Bobby Witt Jr., Kansas City Royals SS/3B (#US100)
|Bobby Witt Jr.||G||R||2B||HR||SB||BB%||K%||BA||OBP||SLG||OPS|
Although he’s the son of a former big league pitcher, Bobby Witt Jr. didn’t wind up on the mound. He’s an infielder with a dynamic power/speed combination that’s kept him at the top of prospect rankings since being drafted No. 2 overall by the Kansas City Royals in 2019.
The 21-year-old started his first full professional season at Double-A in 2021, crushing opposing pitchers and taking advantage of opposing catchers. The Royals quickly promoted him to Triple-A where he regularly faced pitchers who were more than five years his senior. He continued to dominate opponents, earning himself Baseball America’s Minor League Player of the Year Award.
Witt grades out at plus or better in every category, with scouts noting his ability to take advantage of his athleticism and instincts. He was in the early conversation for AL Rookie of the Year before Julio Rodríguez took off, but Witt’s season shouldn’t be overlooked. Witt led all rookies with 30 stolen bases, 57 extra-base hits, and 80 RBIs. He also became the fifth rookie ever to hit 20+ home runs and 30+ stolen bases.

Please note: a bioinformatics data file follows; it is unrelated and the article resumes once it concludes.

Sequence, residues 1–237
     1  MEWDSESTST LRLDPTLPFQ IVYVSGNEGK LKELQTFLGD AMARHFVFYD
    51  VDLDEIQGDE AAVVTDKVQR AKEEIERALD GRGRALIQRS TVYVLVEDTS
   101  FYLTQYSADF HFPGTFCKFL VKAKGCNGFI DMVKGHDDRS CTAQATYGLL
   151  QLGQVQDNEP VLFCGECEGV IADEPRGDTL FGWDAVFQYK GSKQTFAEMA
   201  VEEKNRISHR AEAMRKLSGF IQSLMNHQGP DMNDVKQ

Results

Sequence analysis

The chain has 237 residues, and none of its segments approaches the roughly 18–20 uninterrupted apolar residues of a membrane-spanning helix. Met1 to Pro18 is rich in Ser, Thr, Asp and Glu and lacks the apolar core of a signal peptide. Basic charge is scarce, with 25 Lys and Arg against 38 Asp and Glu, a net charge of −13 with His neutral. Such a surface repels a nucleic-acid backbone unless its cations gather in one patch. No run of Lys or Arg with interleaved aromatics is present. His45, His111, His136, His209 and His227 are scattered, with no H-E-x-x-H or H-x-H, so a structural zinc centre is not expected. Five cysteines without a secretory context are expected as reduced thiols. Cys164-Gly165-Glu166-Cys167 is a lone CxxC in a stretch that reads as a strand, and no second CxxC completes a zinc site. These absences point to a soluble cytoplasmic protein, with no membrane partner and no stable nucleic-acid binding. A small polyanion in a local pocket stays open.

Despite a great freshman campaign, there’s still room to grow. Cleaning up his approach at the plate would serve Witt well, who chased pitches out of the zone at a much higher rate than the league average. As a player gets more experience at the big league level, plate discipline can improve.
Laying off pitches out of the zone while putting good swings on pitches he can drive will also improve his quality of contact, which hovered around the 47th percentile in 2022. I’d also be remiss to point out Witt’s defensive troubles, but this matters much less to investors than it does for the Royals.
Witt checks all of the boxes for a true five-tool player, with all of his tools grading plus or better. What really makes him special is his cognitive ability and unique baseball instincts that allow him to simplify the game… He projects to be a franchise cornerstone who impacts games at the plate, on the bases and in the field.Baseball America
Jeremy Peña, Houston Astros SS (#US253)
I’ve been impressed with Jeremy Peña’s rookie season, writing in early September that I liked him from a long-term investment standpoint. After watching him erupt in the postseason, I’m more confident than ever.
Peña dealt with doubters before he even stepped on the big league diamond because he was expected to fill the shoes of long-term Houston Astros shortstop Carlos Correa. He quickly silenced those doubts by flashing elite speed and defense, while also holding his own at the plate.
Based on his regular season production and underlying metrics, Peña can take a step forward in 2023 by refining his plate discipline. He was in the 4th percentile in walk rate, 8th in chase rate, and 18th in whiff rate. When he made contact, a lot of it was ground balls to the pull side. In the postseason, however, he looks like a different hitter.
Against the Mariners in the ALDS, Peña went 4-for-16 with the series-winning home run in the 18th inning of Game 3. His performance against the Yankees in the ALCS, Peña went 6-for-17 with two doubles and two home runs.